Creative Conflict in African American Thought

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Overview

Wilson Moses bases this collection of essays on the thought of five major African-American intellectuals: Frederick Douglass, Alexander Crummell, Booker T. Washington, W.E.B. DuBois, and Marcus J. Garvey. Highlighting the intellectual struggles and contradictions of these personalities, with regard to individual morality and collective reform, Moses reveals how they contributed to strategies for black progress. He analyzes their thinking within the contexts of Jeffersonian and Jacksonian democracy, Social Darwinism, and progressivism. Wilson J. Moses is Ferree Professor of American History and Senior Fellow of the Arts and Humanities Institute at the Pennsylvania State University. He has been Fulbright Senior Lecturer at the Free University of Berlin and Fulbright Guest Professor at the University of Vienna. His books include Liberian Dreams: Back to Africa Narratives from the 1850s (Pennsylvania State University Press, 1998), and Afrotopia: The Roots of African American Popular History (Cambridge, 1998).

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Editorial Reviews

From the Publisher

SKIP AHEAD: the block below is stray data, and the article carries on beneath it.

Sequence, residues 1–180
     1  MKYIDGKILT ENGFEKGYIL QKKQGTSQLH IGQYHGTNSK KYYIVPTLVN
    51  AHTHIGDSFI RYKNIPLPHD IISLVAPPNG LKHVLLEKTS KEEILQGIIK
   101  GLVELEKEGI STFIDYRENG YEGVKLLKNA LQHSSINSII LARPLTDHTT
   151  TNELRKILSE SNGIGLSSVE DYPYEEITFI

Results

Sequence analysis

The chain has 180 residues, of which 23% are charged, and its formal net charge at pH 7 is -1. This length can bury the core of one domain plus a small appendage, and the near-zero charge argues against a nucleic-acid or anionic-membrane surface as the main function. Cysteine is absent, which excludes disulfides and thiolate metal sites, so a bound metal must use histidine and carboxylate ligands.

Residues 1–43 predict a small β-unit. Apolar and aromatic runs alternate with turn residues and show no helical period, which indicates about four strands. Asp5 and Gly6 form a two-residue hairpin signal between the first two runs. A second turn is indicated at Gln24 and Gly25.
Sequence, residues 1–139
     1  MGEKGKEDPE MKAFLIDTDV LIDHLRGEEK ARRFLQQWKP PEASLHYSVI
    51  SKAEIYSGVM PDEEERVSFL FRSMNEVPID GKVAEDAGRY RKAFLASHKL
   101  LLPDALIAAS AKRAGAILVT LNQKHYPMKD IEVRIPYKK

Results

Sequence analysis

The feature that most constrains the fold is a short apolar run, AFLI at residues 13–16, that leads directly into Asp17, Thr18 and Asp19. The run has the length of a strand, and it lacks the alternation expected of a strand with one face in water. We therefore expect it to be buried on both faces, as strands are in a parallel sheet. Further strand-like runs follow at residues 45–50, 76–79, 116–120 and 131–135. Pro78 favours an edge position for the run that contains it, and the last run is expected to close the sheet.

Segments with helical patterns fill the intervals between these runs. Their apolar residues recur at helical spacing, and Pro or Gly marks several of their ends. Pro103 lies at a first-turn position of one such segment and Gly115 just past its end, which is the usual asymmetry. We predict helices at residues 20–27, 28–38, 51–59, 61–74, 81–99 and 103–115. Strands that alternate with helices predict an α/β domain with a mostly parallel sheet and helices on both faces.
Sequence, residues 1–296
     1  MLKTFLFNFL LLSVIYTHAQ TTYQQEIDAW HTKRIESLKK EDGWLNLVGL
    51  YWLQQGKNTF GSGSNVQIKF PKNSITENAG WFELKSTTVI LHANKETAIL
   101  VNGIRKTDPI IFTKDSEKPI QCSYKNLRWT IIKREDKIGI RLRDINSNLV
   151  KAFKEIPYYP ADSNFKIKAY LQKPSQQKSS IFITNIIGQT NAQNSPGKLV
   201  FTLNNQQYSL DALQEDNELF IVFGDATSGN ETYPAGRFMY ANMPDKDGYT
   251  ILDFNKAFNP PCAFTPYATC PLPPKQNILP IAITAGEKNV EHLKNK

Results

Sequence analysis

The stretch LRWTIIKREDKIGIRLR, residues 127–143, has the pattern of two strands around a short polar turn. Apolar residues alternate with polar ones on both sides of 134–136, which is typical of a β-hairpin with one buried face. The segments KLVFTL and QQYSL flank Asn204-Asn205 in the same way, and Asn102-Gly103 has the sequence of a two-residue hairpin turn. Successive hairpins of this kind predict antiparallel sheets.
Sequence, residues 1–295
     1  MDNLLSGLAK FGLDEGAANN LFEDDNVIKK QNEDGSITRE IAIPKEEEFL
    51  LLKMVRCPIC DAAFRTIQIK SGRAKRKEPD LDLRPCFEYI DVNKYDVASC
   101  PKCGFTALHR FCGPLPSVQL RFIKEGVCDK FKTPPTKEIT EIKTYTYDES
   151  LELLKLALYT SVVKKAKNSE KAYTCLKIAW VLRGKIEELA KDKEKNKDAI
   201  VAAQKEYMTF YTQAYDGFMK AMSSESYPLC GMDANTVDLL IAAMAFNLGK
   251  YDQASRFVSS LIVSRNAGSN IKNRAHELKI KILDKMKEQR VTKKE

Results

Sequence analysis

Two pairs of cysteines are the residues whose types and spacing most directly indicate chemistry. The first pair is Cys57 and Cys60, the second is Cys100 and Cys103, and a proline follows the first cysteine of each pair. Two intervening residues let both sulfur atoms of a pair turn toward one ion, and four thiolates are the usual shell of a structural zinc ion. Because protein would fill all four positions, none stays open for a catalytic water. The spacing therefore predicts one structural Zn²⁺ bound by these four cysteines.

"Professor Moses has written an important and engaging book of which specialists will be particularly enamored. Its unusual approach in interrogating the lives and leadership of these important African American leaders alone makes it worthwhile." -Bernard E. Powers Jr., History of Intellectual Culture
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Product Details

  • ISBN-13: 9780521828260
  • Publisher: Cambridge University Press
  • Publication date: 2/29/2004
  • Pages: 328
  • Product dimensions: 5.98 (w) x 8.98 (h) x 0.87 (d)

Table of Contents

Part I. Introduction: Consistency ... the Hobgoblin of Little Minds: 1. The meaning of struggle; Part II. Frederick Douglass: The Individualist as Race Man: 2. Where honor is due: Frederick Douglass and representative man; 3. Writing freely? Douglass's racialization, and desexualization; 4. Frederick Douglass, superstar; Part III. Alexander Crummell: the Anglophile as Afrocentrist: 5. Africa, Christianity, and civilization; 6. Crummell and the new south; 7. Crummell, Du Bois, and presentism; Part IV. Booker Taliafero Washington: The Idealist as Materialist: 8. Booker T. Washington and the meaning of progress; 9. Protestant ethic versus conspicuous consumption; Part V. Burghardt Du Bois: The Democrat as Authoritarian: 10. Du Bois on religion and art; 11. Du Bois and democracy: a tragic realism; 12. Du Bois protestant perfectionism and progressive pragmatism; Part VI. Marcus Moziah Garvey: The Realist as Romantic: 13. The birth of tragedy: Garvey's heroic struggles; 14. Becoming history: Garvey and the genius of his age; Part VII. Conclusion: Saving Heroes from their Admirers: 15. Reality, contradiction and the meaning of progress.

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